Although applications have been denied for various reasons, the highest number of denials – 1,093, or 48% of all denials – is for “reason to believe.” That is, the adjudicator has reason to believe that the applicant is inadmissible for reasons other than unlawful presence. The second highest number – 937, or 41% of all denials – is for failure to establish extreme hardship. Other reasons for denial include: abandonment, applicant in proceedings, pending adjustment of status application, lack of qualifying relative, pre-2013 consular interview scheduled, and applicant subject to existing or final order of removal.
At present, the average time between receipt of an application at the Lockbox and decision issuance is 103 days. The goal is to reduce the adjudication time to 90 days, the pace at which NBC adjudicators were working until “reason to believe” denials became a controversial issue.

Reason to Believe

USCIS has no authority to determine admissibility in a case to be decided by the consulate after the applicant has left the United States and appeared for the interview. Mr. Blackwood explained that the provisional waivers working group developing the I-601A regulations and procedures for processing wanted USCIS officers to limit their consideration to waiver adjudication, leaving inadmissibility determinations as a function of the Department of State. In other words, the USCIS did not want its adjudicators analyzing whether the applicant was inadmissible on grounds other than unlawful presence, but at the same time, the USCIS did not want to approve I-601As and have the applicant be denied at the consulate for another ground of inadmissibility.

That was the rationale for developing the “reason to believe” standard, where the adjudicators make a quick assessment as to whether the applicant might be inadmissible on a ground other than unlawful presence, based on the name check and biometrics results. Under this standard, adjudicators are instructed to deny all applications involving a criminal conviction, regardless of the type of conviction, when it occurred, or whether it fell within a recognized exception to inadmissibility, like a petty offense. If the fingerprint check resulted in a “hit” that revealed a conviction, then the application was denied under the “reason to believe” standard. Similarly, if there was an inconsistency in the name or date of birth of the applicant and that provided during CBP processing for voluntary departure after an arrest at the border, the applicant was denied for “reason to believe.”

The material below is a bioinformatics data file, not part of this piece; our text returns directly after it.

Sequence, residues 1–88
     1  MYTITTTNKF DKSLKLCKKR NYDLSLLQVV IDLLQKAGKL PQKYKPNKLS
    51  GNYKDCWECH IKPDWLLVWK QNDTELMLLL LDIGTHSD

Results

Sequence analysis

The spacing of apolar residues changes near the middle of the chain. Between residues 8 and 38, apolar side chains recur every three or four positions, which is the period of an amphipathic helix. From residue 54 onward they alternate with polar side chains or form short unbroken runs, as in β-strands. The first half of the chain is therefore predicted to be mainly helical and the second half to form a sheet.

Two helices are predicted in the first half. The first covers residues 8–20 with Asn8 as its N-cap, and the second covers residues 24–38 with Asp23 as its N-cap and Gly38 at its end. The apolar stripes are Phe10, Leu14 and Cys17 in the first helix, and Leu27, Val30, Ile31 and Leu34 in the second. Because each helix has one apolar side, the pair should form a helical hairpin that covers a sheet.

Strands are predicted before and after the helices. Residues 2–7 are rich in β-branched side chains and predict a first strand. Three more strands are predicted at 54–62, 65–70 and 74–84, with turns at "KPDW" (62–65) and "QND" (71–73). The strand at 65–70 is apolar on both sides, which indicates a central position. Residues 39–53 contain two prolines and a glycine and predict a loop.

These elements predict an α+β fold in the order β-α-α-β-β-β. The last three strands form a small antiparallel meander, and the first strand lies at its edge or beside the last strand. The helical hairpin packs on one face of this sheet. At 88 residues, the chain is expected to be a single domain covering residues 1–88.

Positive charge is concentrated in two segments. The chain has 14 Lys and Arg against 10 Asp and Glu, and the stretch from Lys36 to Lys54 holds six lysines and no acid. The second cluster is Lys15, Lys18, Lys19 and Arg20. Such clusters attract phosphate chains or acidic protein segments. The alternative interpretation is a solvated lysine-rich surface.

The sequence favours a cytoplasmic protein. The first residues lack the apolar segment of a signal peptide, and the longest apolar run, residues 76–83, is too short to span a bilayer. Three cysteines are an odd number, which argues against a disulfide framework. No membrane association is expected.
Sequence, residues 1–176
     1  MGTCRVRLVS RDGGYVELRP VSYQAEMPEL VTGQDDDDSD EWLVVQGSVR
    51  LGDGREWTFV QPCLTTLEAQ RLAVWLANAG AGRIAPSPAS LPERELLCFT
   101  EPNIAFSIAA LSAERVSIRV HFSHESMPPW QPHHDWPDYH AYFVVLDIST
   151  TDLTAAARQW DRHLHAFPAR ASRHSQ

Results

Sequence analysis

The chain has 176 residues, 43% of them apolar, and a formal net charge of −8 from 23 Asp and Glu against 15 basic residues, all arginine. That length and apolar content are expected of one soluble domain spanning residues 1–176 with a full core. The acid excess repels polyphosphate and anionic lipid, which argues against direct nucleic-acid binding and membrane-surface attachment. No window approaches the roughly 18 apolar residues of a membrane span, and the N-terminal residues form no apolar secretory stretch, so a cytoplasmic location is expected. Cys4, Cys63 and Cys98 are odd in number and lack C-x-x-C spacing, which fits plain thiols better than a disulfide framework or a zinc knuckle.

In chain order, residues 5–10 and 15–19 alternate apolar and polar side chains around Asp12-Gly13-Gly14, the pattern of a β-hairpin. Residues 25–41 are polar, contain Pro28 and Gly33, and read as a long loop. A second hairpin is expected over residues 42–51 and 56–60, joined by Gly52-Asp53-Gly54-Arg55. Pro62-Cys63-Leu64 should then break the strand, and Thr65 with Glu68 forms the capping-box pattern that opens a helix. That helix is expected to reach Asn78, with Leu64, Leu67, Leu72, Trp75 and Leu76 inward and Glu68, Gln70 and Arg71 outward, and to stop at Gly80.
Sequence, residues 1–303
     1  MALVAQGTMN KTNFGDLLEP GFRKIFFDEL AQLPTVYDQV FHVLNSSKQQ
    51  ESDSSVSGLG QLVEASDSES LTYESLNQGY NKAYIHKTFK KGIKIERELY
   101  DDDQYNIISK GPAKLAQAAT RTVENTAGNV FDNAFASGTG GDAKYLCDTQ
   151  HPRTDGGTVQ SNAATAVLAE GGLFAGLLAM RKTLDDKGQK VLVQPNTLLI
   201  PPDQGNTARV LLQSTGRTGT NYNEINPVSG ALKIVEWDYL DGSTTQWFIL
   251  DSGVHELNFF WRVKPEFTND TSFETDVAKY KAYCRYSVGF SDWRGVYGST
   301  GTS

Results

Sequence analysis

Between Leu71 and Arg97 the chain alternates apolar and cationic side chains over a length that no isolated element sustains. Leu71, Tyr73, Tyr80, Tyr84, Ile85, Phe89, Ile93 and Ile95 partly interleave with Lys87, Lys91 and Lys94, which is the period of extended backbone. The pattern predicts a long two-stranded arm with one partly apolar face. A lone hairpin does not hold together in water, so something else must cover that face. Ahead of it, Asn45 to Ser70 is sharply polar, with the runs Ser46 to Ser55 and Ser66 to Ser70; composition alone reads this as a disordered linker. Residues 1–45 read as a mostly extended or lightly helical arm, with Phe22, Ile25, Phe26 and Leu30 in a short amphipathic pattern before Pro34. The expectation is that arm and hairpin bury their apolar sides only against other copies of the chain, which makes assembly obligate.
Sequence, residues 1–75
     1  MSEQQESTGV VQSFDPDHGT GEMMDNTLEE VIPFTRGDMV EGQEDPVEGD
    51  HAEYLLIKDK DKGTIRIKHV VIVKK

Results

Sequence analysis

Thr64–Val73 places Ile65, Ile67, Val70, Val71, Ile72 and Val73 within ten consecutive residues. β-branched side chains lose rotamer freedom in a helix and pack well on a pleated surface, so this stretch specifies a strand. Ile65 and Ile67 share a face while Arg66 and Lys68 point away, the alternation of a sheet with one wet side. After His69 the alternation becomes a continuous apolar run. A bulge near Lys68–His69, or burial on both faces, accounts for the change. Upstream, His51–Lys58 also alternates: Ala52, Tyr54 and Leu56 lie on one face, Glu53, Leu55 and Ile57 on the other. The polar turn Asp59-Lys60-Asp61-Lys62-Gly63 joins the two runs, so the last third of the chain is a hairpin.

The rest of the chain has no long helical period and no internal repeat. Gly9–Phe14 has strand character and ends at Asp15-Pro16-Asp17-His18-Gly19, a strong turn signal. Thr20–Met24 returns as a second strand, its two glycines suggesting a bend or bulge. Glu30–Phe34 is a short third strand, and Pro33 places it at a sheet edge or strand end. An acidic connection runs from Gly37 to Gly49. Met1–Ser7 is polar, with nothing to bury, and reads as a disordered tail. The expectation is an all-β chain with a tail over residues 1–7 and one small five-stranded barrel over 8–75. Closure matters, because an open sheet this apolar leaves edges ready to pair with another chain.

The NBC staff soon realized that this broad application of the “reason to believe” standard led to a high denial rate. Given this development, Mr. Blackwood announced that, as of six weeks ago, NBC stopped issuing any “reason to believe” denials and is suspending adjudication of cases where this issue is present while USCIS and DOS reconsider the current policy and decide how to proceed in the future. During this time, the 1300 pending cases that involve a potential “reason to believe” concern are being held in abeyance, and will not be adjudicated until there is further guidance. Mr. Blackwood noted that if the “reason to believe” standard is changed so that not all of the denied cases would warrant denial under revised interpretation, the NBC will consider whether to apply any new policy retroactively and reopen denied cases sua sponte.

While there is no mechanism to appeal a denial or seek reconsideration, the NBC can reopen a case on its own if it believes a denial was made incorrectly based on misapplication of the reason to believe standard, including, for example, cases where the applicant’s name and date of birth appear inconsistent as a result of clerical or insignificant error, but not including cases containing criminal convictions. Mr. Blackwood indicated during his presentation that denials made under the reason to believe standard that seem clearly wrong could be brought to his attention, and he would pull the file to see if the agency made a mistake. To bring those cases to Mr. Blackwood’s attention, applicants were directed to send an e-mail to CLINIC training leaders at sschreiber@cliniclegal.org or cwheeler@cliniclegal.org, and to include the name of the applicant, the waiver receipt number, and the “A” number, as well as a brief description of the issue (e.g., month and day of applicant’s date of birth were transposed; applicant’s name recorded incorrectly).

Adjudication of Extreme Hardship and RFEs

Current policy does not mandate that the agency issue a Request for Evidence (RFE) before issuing a denial, but NBC adjudicators typically will issue an RFE if they believe additional documentation will help them reach a decision in a case. (For example, if an applicant claims a health-related hardship, but only submits financial evidence, or if the applicant claims multiple hardships but submits evidence supporting only one claimed hardship, or weak evidence of hardship.) If the applicant claims hardship and the officer believes sufficient evidence was presented but that the extreme hardship standard was not met, then the adjudicator can simply issue a denial without issuing an RFE. In other words, if additional documentation would not add any value to the hardship claim, the NBC will forgo issuing an RFE. Mr. Blackwood noted again that all denials are reviewed by a supervisor.

RFE response times are set at 30 days so that consular processing is not delayed. A request for an extension may be considered if there are compelling reasons warranting additional time to respond to the RFE.